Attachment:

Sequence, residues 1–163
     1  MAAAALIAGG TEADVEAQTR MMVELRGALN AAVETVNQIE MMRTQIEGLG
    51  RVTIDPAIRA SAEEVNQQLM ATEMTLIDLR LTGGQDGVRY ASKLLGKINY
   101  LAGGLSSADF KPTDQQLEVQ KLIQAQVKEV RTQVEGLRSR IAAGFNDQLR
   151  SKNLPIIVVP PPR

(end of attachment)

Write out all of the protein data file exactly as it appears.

Sequence, residues 1–163
     1  MAAAALIAGG TEADVEAQTR MMVELRGALN AAVETVNQIE MMRTQIEGLG
    51  RVTIDPAIRA SAEEVNQQLM ATEMTLIDLR LTGGQDGVRY ASKLLGKINY
   101  LAGGLSSADF KPTDQQLEVQ KLIQAQVKEV RTQVEGLRSR IAAGFNDQLR
   151  SKNLPIIVVP PPR